I’ve enjoyed growing this perennial for many years and photos like the one above will make any gardener appreciate the value of the late season coloration on these fanned, maple-like leaves of mukdenia (Mukdenia rossii ‘Karasuba’). This coral bells (Heuchera) relative is native to rocky slopes and ravines in China, Manchuria and Korea. Preferring moist, fertile and well-drained soils, this hardy perennial (to Z4) blooms in early spring (see below) and the foliage starts with red pigmentation on the leaf tips in summer with an increasing degree of red until frost. It is important to note that the variety ‘Karasuba’ is identical to ‘Crimson Fans’. Reaching 16″ or so in height and ultimately 24″ in width, this plant has thrived for us in part sun which it seems to prefer. Ample moisture is again important but the ornamental merit of this plant is quite evident in both Spring and Fall. It is important to note that these first three photos (taken at the Walters Gardens Trial Garden in Zeeland, MI) are the best shots I’ve taken of this perennial later in the season. The degree of red seems to vary each year and those with more sun seem to have stronger coloration. Regardless, this perennial has a bright future in our partly shaded garden!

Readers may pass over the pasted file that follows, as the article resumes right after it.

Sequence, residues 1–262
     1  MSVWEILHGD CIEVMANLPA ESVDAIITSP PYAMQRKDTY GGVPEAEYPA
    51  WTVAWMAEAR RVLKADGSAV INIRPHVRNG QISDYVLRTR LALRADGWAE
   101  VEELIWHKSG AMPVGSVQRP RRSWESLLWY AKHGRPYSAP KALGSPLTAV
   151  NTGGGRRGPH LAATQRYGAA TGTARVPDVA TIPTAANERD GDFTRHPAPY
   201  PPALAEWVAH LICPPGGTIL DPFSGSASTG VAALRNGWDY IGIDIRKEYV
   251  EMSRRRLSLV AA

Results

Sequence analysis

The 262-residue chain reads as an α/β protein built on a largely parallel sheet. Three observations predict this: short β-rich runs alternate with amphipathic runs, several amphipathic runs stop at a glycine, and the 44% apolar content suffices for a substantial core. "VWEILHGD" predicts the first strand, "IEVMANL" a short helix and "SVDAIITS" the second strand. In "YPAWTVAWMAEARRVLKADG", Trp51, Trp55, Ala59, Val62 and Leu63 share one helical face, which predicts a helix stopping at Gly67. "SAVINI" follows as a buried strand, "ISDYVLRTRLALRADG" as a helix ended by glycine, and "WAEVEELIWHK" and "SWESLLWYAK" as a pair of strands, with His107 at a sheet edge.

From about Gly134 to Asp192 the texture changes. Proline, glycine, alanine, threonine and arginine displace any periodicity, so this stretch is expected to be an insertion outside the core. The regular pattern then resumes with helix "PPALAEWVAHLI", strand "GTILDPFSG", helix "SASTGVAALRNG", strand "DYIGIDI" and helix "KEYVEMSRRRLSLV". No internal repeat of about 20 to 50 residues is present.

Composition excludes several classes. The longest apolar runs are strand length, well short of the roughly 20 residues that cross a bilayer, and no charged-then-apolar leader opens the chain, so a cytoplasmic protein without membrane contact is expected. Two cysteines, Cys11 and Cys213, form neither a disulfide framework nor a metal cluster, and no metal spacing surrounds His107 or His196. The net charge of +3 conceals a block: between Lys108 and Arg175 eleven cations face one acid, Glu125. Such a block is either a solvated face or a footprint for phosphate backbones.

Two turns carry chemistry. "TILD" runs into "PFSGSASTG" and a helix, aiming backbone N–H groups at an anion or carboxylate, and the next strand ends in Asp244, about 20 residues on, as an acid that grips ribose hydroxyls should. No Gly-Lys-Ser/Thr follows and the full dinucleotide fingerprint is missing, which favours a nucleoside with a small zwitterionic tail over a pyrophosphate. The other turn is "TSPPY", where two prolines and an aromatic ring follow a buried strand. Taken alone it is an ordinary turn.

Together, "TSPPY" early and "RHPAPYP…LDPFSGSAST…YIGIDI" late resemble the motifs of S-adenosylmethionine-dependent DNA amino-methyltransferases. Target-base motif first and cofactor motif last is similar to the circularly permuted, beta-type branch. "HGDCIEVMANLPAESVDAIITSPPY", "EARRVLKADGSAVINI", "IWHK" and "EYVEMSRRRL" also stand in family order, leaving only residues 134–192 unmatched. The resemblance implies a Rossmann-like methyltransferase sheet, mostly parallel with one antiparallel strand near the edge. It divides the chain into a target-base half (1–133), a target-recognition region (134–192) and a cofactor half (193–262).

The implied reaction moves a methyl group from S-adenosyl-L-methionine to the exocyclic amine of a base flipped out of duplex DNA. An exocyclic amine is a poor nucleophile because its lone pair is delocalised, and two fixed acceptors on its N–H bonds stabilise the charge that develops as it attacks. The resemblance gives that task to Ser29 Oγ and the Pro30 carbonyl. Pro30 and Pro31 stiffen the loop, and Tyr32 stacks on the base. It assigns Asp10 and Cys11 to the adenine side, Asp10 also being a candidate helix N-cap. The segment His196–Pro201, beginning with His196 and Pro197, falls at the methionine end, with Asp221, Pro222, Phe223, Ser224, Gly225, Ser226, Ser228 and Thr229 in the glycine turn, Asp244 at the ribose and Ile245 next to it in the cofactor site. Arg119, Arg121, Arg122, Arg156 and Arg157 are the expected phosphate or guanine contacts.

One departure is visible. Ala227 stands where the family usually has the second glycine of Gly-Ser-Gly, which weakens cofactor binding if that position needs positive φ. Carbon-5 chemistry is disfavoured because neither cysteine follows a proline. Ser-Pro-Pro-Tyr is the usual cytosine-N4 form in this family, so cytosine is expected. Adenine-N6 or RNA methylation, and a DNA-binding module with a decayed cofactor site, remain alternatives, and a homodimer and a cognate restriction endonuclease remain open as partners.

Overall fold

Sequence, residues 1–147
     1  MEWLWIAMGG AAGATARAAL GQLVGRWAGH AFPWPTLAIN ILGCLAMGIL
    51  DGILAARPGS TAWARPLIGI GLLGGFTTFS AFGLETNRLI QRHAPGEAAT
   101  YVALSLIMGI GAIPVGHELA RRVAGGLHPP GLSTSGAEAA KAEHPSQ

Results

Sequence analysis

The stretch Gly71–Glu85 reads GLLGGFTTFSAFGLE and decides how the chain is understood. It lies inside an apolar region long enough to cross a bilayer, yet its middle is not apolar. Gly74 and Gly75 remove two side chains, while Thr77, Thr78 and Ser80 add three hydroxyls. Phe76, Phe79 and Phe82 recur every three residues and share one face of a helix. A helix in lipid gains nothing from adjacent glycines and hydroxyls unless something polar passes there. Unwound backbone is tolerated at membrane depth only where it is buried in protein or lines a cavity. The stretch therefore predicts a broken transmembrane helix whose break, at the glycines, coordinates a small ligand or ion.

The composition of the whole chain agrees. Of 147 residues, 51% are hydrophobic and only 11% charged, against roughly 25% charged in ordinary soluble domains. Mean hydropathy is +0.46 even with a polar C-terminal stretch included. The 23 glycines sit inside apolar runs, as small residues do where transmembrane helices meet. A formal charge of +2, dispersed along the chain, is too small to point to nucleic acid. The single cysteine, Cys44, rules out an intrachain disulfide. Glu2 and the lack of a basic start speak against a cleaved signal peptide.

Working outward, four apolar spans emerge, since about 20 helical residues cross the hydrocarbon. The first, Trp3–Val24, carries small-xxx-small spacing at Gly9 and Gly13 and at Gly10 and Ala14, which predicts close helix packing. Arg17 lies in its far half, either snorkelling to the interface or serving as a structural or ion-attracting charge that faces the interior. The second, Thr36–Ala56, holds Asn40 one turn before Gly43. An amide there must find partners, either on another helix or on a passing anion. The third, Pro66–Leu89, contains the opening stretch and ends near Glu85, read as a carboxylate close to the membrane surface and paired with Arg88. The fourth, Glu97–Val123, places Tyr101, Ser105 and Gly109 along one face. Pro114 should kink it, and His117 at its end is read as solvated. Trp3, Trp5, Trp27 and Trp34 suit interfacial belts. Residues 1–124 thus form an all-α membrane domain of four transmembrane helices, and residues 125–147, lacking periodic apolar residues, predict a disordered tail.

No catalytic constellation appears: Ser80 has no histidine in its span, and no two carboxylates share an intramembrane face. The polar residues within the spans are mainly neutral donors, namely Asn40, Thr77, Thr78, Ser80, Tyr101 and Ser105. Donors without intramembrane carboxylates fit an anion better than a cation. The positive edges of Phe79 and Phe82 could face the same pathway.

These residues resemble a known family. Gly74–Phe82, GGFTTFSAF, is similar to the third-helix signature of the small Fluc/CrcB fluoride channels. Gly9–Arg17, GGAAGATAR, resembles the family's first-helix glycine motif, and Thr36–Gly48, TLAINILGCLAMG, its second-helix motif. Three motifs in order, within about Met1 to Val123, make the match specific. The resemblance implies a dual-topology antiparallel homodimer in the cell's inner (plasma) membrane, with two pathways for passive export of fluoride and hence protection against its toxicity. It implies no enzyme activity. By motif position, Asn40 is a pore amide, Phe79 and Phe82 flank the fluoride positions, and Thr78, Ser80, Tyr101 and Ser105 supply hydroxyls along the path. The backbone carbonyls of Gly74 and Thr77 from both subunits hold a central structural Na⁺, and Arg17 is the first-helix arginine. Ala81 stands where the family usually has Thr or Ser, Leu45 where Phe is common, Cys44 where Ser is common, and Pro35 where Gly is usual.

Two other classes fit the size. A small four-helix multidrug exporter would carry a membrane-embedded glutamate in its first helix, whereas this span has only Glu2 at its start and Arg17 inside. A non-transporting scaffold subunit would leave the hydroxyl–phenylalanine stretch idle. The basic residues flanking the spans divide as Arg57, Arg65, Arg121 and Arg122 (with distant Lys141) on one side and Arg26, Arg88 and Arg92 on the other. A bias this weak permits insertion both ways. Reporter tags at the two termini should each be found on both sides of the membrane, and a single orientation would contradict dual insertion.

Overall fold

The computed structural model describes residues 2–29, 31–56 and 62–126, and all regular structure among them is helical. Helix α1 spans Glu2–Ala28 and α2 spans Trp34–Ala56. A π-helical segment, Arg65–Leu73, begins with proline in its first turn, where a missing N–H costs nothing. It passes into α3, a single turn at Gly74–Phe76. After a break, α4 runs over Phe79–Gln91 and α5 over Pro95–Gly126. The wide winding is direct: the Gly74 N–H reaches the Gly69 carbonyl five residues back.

As I type this blog, the Chicago area is getting pounded with snow but we were spared from this recent system. The cloudy day, while cool, still allowed for lots of progress out in the gardens with the take down of the massive Holiday Light Show (HLS). Both Larry H. and Big John headed right out to continue retrieving many of the lights, cords, luminaries and other elements of the show that had been trapped in ice for the last six weeks. Myrt and Gena came in for some painting today. Janice was in to work on research for the Spring Plant Sale. We also saw Cindy, Bill O., Dick H. and our Horticultural Therapy Committee (Cindy, Darcie, Janice, Art and Karen) was at the Horticulture Center for their monthly meeting. We continue to plan for our July 27th Horticultural Therapy Symposium (more details to follow). I continue to prepare for Spring out in the gardens as well as our Spring events like the Compost Sale and Spring Plant Sale. We do have some early bulbs up in the gardens (snowdrops and winter aconite) which I’ll photograph soon. Spring is in the air!